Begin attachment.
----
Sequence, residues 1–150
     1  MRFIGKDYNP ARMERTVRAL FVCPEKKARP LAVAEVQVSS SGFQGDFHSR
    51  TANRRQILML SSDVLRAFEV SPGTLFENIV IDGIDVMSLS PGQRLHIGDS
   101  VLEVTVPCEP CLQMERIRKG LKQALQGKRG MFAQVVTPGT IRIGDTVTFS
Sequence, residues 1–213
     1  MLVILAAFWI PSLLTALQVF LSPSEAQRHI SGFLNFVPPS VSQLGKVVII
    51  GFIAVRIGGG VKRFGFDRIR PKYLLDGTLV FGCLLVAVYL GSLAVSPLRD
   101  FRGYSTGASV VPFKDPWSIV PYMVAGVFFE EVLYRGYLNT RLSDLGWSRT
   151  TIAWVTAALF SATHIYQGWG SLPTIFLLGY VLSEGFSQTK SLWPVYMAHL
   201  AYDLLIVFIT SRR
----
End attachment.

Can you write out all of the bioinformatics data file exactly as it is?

Sequence, residues 1–150
     1  MRFIGKDYNP ARMERTVRAL FVCPEKKARP LAVAEVQVSS SGFQGDFHSR
    51  TANRRQILML SSDVLRAFEV SPGTLFENIV IDGIDVMSLS PGQRLHIGDS
   101  VLEVTVPCEP CLQMERIRKG LKQALQGKRG MFAQVVTPGT IRIGDTVTFS
Sequence, residues 1–213
     1  MLVILAAFWI PSLLTALQVF LSPSEAQRHI SGFLNFVPPS VSQLGKVVII
    51  GFIAVRIGGG VKRFGFDRIR PKYLLDGTLV FGCLLVAVYL GSLAVSPLRD
   101  FRGYSTGASV VPFKDPWSIV PYMVAGVFFE EVLYRGYLNT RLSDLGWSRT
   151  TIAWVTAALF SATHIYQGWG SLPTIFLLGY VLSEGFSQTK SLWPVYMAHL
   201  AYDLLIVFIT SRR